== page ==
I have received a few dozen inquiries from people in similar situation to myself, who wish to do what I did.

Older guys, who have money to spend on figures, that they want to see produced and are willing to pay for it.

I think that you will see more of them in the future. That's all.

LeonAdler Sponsoring Member of TMP20 Nov 2012 3:38 a.m. PST

Money in Wargames figures? lol
You have to be joking, most designer led outfits are basically on minimum wage levels. They keep going because they make a living (just) doing what they love doing. Same goes for a lot of small business I suspect.

Antenocitis CSR Sponsoring Member of TMP Inactive Member20 Nov 2012 3:49 a.m. PST

A friend of mine recently made the comment, "companies make huge amounts of money selling figures."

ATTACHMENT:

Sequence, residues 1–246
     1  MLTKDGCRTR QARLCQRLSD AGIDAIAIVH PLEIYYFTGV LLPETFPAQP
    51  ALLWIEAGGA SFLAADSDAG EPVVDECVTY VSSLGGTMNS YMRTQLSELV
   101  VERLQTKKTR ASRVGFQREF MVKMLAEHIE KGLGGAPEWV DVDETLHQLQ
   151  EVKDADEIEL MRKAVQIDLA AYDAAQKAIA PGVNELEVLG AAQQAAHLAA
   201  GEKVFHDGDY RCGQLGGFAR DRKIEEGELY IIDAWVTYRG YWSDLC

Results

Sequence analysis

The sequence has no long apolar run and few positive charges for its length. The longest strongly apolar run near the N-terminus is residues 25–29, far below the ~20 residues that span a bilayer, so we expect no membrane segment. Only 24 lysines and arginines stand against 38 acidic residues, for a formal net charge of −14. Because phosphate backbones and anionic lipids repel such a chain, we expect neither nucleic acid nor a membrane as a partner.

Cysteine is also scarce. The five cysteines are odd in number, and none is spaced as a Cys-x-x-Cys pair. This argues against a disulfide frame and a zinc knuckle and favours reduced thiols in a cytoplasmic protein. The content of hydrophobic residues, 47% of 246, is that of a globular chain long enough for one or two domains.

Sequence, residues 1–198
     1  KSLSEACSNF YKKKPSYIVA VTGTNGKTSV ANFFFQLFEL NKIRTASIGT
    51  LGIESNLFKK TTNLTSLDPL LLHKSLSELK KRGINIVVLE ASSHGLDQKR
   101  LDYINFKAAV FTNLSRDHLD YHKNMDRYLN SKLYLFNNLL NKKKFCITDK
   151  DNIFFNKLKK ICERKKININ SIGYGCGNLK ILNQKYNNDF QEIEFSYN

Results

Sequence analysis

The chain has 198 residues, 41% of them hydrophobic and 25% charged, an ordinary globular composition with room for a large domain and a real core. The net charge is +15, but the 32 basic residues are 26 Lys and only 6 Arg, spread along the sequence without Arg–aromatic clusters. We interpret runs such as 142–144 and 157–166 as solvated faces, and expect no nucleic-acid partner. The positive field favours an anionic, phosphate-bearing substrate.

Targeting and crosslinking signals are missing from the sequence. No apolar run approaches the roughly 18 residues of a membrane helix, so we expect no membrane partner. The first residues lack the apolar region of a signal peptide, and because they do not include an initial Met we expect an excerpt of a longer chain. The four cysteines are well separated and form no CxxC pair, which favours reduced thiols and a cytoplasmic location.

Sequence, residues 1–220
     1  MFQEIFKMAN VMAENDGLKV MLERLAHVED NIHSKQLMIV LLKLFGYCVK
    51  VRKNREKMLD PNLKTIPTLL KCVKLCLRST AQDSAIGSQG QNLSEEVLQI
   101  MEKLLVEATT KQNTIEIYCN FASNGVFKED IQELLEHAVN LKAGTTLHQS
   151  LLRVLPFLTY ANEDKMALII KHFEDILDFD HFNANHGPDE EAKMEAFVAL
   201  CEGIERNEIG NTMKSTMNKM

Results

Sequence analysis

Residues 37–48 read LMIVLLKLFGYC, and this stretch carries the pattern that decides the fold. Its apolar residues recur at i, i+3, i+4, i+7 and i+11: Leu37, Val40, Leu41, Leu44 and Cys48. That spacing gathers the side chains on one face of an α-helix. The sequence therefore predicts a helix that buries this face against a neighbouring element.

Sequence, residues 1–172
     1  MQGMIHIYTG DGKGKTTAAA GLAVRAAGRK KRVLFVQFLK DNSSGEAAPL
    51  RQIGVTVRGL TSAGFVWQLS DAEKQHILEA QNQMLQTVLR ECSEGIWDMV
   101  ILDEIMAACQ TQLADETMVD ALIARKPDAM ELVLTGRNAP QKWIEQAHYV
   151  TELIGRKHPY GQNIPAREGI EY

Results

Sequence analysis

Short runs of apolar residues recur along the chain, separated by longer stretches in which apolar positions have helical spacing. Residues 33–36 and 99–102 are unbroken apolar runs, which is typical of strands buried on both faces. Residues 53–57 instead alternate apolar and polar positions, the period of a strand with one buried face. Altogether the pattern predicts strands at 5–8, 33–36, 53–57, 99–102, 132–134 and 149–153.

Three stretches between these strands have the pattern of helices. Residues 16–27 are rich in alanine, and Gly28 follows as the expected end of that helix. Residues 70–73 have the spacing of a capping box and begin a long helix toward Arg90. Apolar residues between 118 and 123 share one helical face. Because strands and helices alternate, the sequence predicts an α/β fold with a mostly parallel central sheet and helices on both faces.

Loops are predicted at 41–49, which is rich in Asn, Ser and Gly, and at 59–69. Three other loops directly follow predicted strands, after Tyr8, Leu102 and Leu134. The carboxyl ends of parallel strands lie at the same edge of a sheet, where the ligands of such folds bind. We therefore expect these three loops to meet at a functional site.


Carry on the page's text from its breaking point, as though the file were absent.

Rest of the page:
I suspect your answer lies within your question.

(If that were so, or if he believed that were so, your friend would, surely, be manufacturing figures himself?)



GeoffQRF20 Nov 2012 4:06 a.m. PST

Some of it is an illusion created by the relatively low cost to get into casting and selling your own figures. You can start up for a relatively small cost with a bit of contract moulding/casting and a few bought-in greens, but as Leon says most scrape along on minimum wage, doing it more as a labour of love in your spare time (or desire to have figures yourself!) than for any vast profit.

The profit margins can be moderate, but they are generally about as moderate as the associated costs.

Personal logo Black Hat Miniatures Sponsoring Member of TMP20 Nov 2012 5:43 a.m. PST

I find it amusing that only a few figure manufacturers who actually make their own figures have commented on this thread. Outsourcing your casting and mouldmaking is going to make it very difficult to make a living unless you are sculpting yourself.

No, you won't make HUGE amounts of money making figures but you can make a comfortable living.